[516] On this Athena came close up to him and said, "Son of Arceisius - best friend I have in the world - pray to the gray-eyed damsel, and to Zeus her father; then poise your spear and hurl it."

[520] As she spoke she infused fresh vigor into him, and when he had prayed to her he poised his spear and hurled it. He hit Eupeithes' helmet, and the spear went right through it, for the helmet stayed it not, and his armor rang rattling round him as he fell heavily to the ground. Meantime Odysseus and his son fell the front line of the foe and smote them with their swords and spears; indeed, they would have killed every one of them, and prevented them from ever getting home again, only Athena raised her voice aloud, and made every one pause. "Men of Ithaca," she cried, "cease this dreadful war, and settle the matter at once without further bloodshed."

[533] On this pale fear seized every one; they were so frightened that their arms dropped from their hands and fell upon the ground at the sound of the goddess' voice, and they fled back to the city for their lives. But Odysseus gave a great cry, and gathering himself together swooped down like a soaring eagle. Then the son of Kronos sent a thunderbolt of fire that fell just in front of Athena, so she said to Odysseus, "Odysseus, noble son of Laertes, stop this warful strife, or Zeus will be angry with you."

[545] Thus spoke Athena, and Odysseus obeyed her gladly. Then Athena assumed the form and voice of Mentor, and presently made a covenant of peace between the two contending parties. [548]

Discussion forum for question 1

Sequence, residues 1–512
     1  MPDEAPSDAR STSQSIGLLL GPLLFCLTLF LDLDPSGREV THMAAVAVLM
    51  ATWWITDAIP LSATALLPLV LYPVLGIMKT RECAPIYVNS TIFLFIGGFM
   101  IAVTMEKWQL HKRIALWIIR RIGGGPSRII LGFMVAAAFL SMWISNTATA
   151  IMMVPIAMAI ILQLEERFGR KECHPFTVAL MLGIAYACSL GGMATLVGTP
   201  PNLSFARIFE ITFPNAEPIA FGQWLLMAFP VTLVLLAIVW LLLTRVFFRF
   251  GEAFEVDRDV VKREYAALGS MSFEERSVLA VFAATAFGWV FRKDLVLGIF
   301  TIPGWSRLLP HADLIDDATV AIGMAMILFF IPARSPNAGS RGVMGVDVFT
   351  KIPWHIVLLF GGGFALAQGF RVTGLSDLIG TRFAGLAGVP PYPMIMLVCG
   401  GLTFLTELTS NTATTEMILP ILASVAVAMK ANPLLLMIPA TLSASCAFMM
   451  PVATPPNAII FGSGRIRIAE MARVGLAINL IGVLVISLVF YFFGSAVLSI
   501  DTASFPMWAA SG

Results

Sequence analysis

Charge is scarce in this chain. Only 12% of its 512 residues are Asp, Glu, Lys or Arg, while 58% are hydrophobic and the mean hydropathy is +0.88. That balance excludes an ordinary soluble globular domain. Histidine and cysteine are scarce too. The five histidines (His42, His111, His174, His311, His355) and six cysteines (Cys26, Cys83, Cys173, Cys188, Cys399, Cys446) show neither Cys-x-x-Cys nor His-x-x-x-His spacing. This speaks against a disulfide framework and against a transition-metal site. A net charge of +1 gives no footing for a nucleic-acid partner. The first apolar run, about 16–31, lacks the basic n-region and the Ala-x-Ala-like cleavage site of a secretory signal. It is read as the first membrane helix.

2. In scroll xxiv, Odysseus makes his last 'reconnection' with his father Laertes. What is significant about the garden imagery (one of our central passages) and the story Odysseus tells before revealing himself? Consider also the intergenerational relationships between fathers and sons in the following passage (xxiv 502ff):

[502] Then Zeus' daughter Athena came up to them, having assumed the form and voice of Mentor. Odysseus was glad when he saw her, and said to his son Telemakhos, "Telemakhos, now that you are about to fight in an engagement, which will show every man's mettle, be sure not to disgrace your ancestors, who were eminent for their strength and courage all the world over."

[510] "You say truly, my dear father," answered Telemakhos, "and you shall see, if you will, that I am in no mind to disgrace your family."

[513] Laertes was delighted when he heard this. "Good heavens, he exclaimed, "what a day I am enjoying: I do indeed rejoice at it. My son and grandson are vying with one another in the matter of valor [aretê]."

Discussion forum for question 2


3. Speaking of endings, the Alexandrian scholars Aristarchus and Aristophanes ('of Byzantium') thought that the "end" of the Odyssey was line 296 of scroll xxiii, after Odysseus and Penelope go "joyfully to the rites of their own old bed." How would ending here change our understanding of the major issues we have been discussing? Where would you end the Odyssey if you were composing it in performance?

Discussion forum for question 3